In the workflow eventually set up by Reliant, patients download an app onto their mobile device, enter an access code and the last four digits of their social security number for validation in Reliant’s Epic EHR. Patients then choose their device’s apps for each type of measurement, then log into the Reliant app to authorize access.
“Every five minutes, my EHR is checking and updating the data or files silently,” Dr. Garber says. Again, as in the weight gain example, only abnormal readings generate any messages to nurses.
So far, Reliant has equipped 15 patients with these sensors, and looks forward to doing a much larger study to show benefits at a level of statistical significance, Dr. Garber says.
Collecting Data on the Social Determinants of Health
ONC has also funded demonstration projects where healthcare organizations are bringing in data from the social determinants of health (SDOH). Boston-based federally-qualified health center Fenway Health received ONC funding to collect SDOH data and put it to effective use in its EHR.
SDOH includes areas such as income, educational attainment, transportation options, employment status, food security, and housing.
ONC’s SDOH Project is intended to expand the standards and data types that can be expressed in an EHR to give a more complex picture of the patient’s reality, and to give health care providers data and tools needed to provide patients with individualized treatment and achieve better outcomes.
Project collaborators include health technology company Audacious Inquiry; University of Washington cPRO, an open-source project to computerize patient-reported outcomes; and EHR provider athenahealth.
Patients complete surveys on the cPRO platform, and then these data are sent in the FHIR data format to the athenahealth EHR, says Chris Grasso, associate vice president for informatics and data at Fenway Health.
Depending on the answers patients give, Fenway’s system sends them messages containing appropriate resources that may be helpful in overcoming their SDOH challenges, Grasso said.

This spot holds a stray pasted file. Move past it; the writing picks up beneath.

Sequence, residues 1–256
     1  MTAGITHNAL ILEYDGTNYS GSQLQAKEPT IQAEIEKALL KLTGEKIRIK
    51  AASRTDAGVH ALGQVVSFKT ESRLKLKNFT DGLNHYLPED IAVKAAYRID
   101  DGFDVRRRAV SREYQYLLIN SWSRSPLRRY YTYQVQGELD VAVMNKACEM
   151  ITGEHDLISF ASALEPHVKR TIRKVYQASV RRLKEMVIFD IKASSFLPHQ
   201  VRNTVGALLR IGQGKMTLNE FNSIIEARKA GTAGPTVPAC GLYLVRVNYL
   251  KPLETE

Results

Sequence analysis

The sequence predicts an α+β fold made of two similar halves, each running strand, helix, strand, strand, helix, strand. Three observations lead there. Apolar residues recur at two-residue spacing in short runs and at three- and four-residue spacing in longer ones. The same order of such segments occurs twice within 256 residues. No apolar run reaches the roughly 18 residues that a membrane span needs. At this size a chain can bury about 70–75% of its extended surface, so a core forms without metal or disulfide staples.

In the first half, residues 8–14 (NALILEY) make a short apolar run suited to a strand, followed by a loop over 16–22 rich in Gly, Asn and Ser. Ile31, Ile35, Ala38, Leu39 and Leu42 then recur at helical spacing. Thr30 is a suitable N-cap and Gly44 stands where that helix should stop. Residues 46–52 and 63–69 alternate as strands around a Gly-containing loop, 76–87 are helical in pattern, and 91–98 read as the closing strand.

The system is also able to register patients into resource activities and send them reminders via text message as appointments approach.
“Pushing the limits around technology is always fun and exciting, but we also want to understand how it works from the patient’s experience,” Grasso said.
It is important to start considering this data to be as important, in its own way, as vital signs are.
“We know housing instability, transportation needs, or employment can change,” Grasso said. “It’s so important for us to be able to ask these questions, collect these data and make them ultimately actionable.”
Because the SDOH question responses were new, EHR vendor athenahealth had to add some custom questionnaire responses into the Fenway EHR.
Fenway will continue to explore the variety of screening tools it uses. The ultimate goal is to ensure that “the recommendations that a clinical team is seeing is really based on the person in front of them, and not on a population,” Grasso said.
The sensitive nature of some of the data being collected in these projects gives rise to any number of privacy considerations. “One of the things we seeing, as far as the technology, is putting more of the processing of data actually right at the source of the data,” Dr. Garber said. “So it’s only the summarized data that leaves the home.”
Ultimately, legislation will emerge that further protects the rights of patients, as these important but sensitive bits of their life find themselves into life-saving and life-extending health systems.